Smile and Nod

Smile and Nod: What I learned at GDC

Russ Pitts | 25 Feb 2008 17:00
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It's always entertaining to spend a week with the entire game development community. For one thing, those guys like to party. I mean really, really like to party. And for some reason, the hardiest partiers are from places where water spends most of its time in frozen form.

Early reports from the Nordic Game Program's official party suggest it was the place to be Wednesday night, if for no other reason than they hired 90s rock sensation Skid Row to play the event. ("Eighteen and Life"? You got it.) Icelandic MMO developer CCP, as usual, outdid everyone, hiring dominatrixes and midgets to abuse the crowd, who'd lined up around the block for the privilege. One of our team members had the welts to prove it. He displayed them while smiling. Perhaps there's something he's not telling us.

And speaking of blocks, Sony pulled the same trick for their Block Party, which, it turns out, was more of a party out in the street, around the block, than inside the Mezzanine. I'm not sure what strange portent of the apocalypse this is that people send out "exclusive" invitations to parties and then expect you to wait in line for hours just to get in. Where I grew up, we considered that rude. I declined to wait and had burgers with Yahtzee and crew at the diner near the Moscone.

As for what I learned personally at GDC (aside from the fact the conference's Executive Director, Jamil Moledina, sounds like the guys you call on the phone to find out when movies are playing), the most important thing was that everyone seems to think everyone can make games. At almost every conference I've been to in the last two years, there's been a buzzword. This year at GDC, that buzzword was "democratizing."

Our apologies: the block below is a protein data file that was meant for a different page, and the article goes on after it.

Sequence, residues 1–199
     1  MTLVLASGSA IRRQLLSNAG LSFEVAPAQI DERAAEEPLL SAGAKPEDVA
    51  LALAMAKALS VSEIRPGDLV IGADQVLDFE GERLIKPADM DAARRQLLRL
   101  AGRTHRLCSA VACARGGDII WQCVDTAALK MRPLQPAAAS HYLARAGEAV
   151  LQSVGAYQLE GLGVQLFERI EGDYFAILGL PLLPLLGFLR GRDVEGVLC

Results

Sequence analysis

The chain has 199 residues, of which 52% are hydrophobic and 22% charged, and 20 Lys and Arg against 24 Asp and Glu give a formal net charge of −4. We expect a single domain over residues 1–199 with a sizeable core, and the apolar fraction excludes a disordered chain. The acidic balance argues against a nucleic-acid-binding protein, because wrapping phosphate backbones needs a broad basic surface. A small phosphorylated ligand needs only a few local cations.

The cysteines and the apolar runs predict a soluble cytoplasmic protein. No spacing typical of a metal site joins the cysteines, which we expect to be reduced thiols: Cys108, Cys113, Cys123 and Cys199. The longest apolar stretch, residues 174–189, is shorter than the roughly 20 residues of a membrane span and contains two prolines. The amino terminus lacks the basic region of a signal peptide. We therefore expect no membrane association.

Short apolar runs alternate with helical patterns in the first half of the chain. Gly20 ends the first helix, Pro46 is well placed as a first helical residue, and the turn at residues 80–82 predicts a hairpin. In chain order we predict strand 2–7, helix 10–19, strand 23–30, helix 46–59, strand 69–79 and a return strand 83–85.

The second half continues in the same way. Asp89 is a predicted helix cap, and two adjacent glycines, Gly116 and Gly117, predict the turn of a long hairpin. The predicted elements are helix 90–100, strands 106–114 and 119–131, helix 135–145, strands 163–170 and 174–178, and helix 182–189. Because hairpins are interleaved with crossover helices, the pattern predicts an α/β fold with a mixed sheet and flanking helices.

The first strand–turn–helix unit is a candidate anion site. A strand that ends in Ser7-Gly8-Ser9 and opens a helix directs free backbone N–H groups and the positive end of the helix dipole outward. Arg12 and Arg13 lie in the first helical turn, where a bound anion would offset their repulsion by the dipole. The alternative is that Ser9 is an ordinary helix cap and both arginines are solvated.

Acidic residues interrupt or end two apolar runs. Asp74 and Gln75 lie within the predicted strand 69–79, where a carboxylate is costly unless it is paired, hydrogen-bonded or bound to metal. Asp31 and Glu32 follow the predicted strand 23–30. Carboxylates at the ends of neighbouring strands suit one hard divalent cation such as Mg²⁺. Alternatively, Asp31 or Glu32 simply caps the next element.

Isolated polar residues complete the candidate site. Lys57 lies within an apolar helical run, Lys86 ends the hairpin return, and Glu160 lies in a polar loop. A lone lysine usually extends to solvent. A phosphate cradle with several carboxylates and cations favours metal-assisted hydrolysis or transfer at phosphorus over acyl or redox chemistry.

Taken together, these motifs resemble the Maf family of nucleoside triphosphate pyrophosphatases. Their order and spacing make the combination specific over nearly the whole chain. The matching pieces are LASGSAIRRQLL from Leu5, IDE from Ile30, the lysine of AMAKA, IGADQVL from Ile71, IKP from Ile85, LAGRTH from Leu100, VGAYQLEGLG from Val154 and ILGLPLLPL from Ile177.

"I can't help but be nostalgic for the days when all you needed [to make a game] was your father's computer and a modem," said Microsoft's new Peter Moore (Corporate VP of Everything Related to Xbox), John Schappert, introducing the upgrades to XNA, the cross-platform (Windows, Xbox, Zune) development tools introduced a few years ago. XNA, in the spirit of democratization, now allows creators to make games and upload them to the Xbox Live Marketplace.

Granted, as with all democracies, it's a bit more complicated than simply making games and getting them out to people. Just like with America's Electoral College, the XNA developer community will exist as a buffer between the people and their right to vote (in this case, with their wallets). Members of the XNA developer community have been able to upload and share games with each other for some time. Starting this year, these members will be able to select, through a peer review process, which games make it to the larger Xbox Live community.

In theory, this should keep the channel from filling up with crap, and serve as a gateway to only the best new games. In practice it could mean only those with the right amount of influence ever get the nod. Again, like the American electoral system. Only time will tell if the developer community can handle that much power.

But Microsoft wasn't alone in their call for democratization. Rod Humble, head of the studio at EA responsible for The Sims, thinks everyone should be a game developer. And he's put his money (EA's anyway) where his mouth is. Humble was at GDC to announce The Sims Carnival, a website where practically anyone can make a game.

"Game developers have shared values," he said, pointing out the pasty, white faces of the gathered developers, and gently mocking them for all being middle-class suburbanites. He then brought up a few pictures of working class folks, the type you'd never see at GDC, asking what games would be like if "normal" people made them. But unlike other panelists, he wasn't just idly musing. "It might become something dangerous."

The Sims Carnival is a browser-based game studio and indie game community rolled into one. A month before coming to GDC, Humble and his team distributed the tools to 100 people, in a sort of closed beta test. Those 100 people, in one month, made 500 games. Granted, some of those were simple, jabs at Space Invaders, for example, with pictures of political candidates pasted over the invaders from space, but other belied their simplicity with an exquisite eye for design, rivaling many of the so-called "professional" designs.

According to Humble, who's something of an intellectual on the subject of games, The Sims Carnival, will "make the art form a little larger, a little broader." At the very least it will make the world a little more interesting. Never a bad thing.

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